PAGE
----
The student media organization of California State University Northridge

Daily Sundial

The student media organization of California State University Northridge

Daily Sundial

The student media organization of California State University Northridge

Daily Sundial

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Column: LA Galaxy get no respect

Column: LA Galaxy get no respect
Courtesy of MCT

Also by Monique Muniz

The Los Angeles Galaxy have claimed the Western Conference title and the defending MLS champions will be heading to the championship match on Dec. 1 at the Home Depot Center.

But who knew? How many even knew they won it all last year?

For a game that isn’t too popular in America, don’t expect to see too many Angelenos jumping the bandwagon like they did with the Los Angeles Kings in their June run to the team’s first-ever Stanley Cup.

The team may draw a decent sized crowd at some games, but they have yet to grasp the love of many LA natives. With big-name teams like the Lakers, Dodgers and Kings, the Galaxy are in the shadows when it comes to coverage.

Gabriel Ochoa, La Opinion’s sports editor, expressed in an interview last year that most of their sports coverage is on Mexican soccer teams rather than the Galaxy’s results to appease their reader’s preferences.

Even with such a big market in Los Angeles, the Galaxy may not ever compete with the other teams here, especially if, or when, the City of Angels gets an NFL team.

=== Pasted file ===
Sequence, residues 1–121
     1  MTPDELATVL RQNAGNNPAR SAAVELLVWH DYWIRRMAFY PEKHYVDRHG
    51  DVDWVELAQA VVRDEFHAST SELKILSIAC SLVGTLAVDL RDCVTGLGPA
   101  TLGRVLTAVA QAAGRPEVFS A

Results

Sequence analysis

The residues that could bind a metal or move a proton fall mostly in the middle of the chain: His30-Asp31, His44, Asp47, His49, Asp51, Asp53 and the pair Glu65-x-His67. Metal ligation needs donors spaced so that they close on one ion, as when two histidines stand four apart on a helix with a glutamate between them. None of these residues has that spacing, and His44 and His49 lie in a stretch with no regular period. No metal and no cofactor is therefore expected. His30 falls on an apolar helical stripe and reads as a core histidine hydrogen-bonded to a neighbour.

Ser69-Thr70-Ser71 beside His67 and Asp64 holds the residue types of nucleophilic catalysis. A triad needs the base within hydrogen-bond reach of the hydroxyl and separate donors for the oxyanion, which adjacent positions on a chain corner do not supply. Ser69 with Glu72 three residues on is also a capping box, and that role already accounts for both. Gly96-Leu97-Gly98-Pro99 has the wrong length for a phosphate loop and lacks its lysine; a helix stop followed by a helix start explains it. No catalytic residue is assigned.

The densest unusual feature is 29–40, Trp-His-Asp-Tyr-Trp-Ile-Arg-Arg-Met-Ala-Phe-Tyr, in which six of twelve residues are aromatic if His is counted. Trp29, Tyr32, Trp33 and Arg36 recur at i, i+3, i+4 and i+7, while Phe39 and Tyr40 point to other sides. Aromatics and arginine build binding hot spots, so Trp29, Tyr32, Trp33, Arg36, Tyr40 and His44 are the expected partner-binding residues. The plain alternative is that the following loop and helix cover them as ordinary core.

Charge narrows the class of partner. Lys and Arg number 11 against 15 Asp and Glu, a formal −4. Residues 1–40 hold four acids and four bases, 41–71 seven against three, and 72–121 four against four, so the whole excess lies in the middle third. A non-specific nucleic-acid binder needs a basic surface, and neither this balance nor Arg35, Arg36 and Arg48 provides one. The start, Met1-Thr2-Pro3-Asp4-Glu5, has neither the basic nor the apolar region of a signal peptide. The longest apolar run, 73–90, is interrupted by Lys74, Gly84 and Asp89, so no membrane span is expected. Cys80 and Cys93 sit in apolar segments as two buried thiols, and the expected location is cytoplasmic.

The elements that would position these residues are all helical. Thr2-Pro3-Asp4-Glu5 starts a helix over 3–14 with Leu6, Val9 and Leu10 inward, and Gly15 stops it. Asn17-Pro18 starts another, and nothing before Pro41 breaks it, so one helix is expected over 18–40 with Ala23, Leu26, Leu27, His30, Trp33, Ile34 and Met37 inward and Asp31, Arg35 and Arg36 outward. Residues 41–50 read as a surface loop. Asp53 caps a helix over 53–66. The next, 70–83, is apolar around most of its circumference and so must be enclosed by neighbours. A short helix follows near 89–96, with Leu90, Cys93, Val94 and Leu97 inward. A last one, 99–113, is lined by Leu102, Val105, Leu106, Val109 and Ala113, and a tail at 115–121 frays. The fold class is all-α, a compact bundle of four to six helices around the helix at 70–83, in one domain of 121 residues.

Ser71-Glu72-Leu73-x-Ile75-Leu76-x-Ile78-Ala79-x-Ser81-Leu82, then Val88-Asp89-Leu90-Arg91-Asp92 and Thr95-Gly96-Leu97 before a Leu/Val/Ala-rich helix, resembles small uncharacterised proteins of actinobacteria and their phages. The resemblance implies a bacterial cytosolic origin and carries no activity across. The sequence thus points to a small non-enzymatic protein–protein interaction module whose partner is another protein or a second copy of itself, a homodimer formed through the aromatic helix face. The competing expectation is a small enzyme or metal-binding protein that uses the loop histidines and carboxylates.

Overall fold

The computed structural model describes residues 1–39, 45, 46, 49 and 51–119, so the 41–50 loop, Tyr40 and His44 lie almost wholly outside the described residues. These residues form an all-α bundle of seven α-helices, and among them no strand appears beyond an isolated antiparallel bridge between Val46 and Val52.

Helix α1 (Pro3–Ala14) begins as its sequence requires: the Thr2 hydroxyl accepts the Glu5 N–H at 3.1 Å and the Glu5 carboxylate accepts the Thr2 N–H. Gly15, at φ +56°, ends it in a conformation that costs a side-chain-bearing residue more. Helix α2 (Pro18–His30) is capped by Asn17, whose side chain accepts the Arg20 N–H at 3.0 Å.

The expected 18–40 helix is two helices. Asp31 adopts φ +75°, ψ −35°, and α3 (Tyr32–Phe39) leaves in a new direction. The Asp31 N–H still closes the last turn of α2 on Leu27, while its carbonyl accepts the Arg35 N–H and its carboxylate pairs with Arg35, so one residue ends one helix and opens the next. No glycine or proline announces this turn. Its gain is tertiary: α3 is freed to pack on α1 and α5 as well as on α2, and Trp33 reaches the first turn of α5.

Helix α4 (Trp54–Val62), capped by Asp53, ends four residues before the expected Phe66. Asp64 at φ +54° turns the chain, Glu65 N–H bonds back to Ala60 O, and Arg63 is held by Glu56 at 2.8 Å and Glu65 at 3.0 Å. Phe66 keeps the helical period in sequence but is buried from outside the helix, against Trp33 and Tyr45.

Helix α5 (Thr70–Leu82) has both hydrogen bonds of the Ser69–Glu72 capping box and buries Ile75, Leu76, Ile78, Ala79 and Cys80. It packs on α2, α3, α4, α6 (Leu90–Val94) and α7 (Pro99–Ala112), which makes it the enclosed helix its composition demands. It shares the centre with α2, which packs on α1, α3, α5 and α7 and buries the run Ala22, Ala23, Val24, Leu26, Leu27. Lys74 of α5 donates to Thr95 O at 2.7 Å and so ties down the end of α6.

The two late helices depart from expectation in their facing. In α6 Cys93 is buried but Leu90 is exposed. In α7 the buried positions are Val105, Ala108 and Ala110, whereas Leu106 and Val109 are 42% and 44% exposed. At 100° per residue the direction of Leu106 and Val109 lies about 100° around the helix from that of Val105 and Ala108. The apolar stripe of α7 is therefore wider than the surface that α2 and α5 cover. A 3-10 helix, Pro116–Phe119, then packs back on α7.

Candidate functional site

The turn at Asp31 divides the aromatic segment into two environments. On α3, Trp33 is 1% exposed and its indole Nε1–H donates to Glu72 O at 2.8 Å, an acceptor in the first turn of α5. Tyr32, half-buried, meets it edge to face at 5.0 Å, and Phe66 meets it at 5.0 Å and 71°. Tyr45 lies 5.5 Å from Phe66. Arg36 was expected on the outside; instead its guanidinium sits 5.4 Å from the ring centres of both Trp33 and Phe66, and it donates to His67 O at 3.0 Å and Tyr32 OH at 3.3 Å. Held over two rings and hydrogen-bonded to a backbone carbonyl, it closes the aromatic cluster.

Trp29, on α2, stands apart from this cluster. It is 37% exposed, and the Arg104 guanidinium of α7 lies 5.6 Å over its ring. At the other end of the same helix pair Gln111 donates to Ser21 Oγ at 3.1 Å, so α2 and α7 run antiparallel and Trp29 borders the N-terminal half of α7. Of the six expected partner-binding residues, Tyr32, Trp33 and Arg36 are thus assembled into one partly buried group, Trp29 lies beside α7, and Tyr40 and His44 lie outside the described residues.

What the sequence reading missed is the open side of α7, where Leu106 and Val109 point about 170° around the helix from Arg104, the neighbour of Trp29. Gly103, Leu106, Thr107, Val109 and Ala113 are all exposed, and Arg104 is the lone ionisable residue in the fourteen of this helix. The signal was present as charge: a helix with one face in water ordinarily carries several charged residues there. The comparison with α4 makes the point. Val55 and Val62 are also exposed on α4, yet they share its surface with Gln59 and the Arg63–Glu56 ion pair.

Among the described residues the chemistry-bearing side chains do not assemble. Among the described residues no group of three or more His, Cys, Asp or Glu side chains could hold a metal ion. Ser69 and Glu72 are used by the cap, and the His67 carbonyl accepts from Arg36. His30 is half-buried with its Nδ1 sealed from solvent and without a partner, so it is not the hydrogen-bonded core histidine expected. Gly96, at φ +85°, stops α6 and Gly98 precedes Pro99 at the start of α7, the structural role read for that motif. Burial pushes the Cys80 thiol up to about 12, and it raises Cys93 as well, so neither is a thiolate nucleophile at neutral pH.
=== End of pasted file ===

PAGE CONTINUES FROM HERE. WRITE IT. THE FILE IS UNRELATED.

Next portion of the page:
The city realizes that the team doesn’t have a big fan base because they never got a single parade — even after winning three MLS Championships.

The MLS is still carving out its niche, something the Arena Football League has tried to do over the last 20 years.  While soccer is gaining a following among the American public, they mostly crave international competition and prefer to be informed about the well known European teams.

Many fans would rather support their home country in the World Cup rather than bandwagon a team that they have no attachment to more than just what city they are from.

Even the big-money signing of David Beckham — which turned out to be a flop — didn’t draw fans to the game, even though it was the biggest signing in MLS history.  Playing in America during injury-ravaged seasons increased his international presence but didn’t increase the Galaxy’s ratings significantly.

A lack of national television broadcasts, corporate sponsorships and ridiculous team names, like the New York Red Bulls, leaves the MLS as a sport less watched than NASCAR.

The rules of the game itself may be unusual for views as well. I mean, what kind of system allows a team to lose a playoff yet advance? Winning the first game 3-0 and not losing more than 3-0 against the Sounders at the second game Sunday, the Galaxy won the West despite dropping a game 2-1 as they won with an aggregated score of 4-2.

The MLS has a long way to go to gain popularity. It needs to find a to entice international superstars to come over and grow a stronger fan base.

Right now, they are competing with the NFL and NBA in the United States — and there’s no way people are going to stop watching football and basketball on Sundays to watch soccer. If things don’t change, they may just go the way of the XFL.

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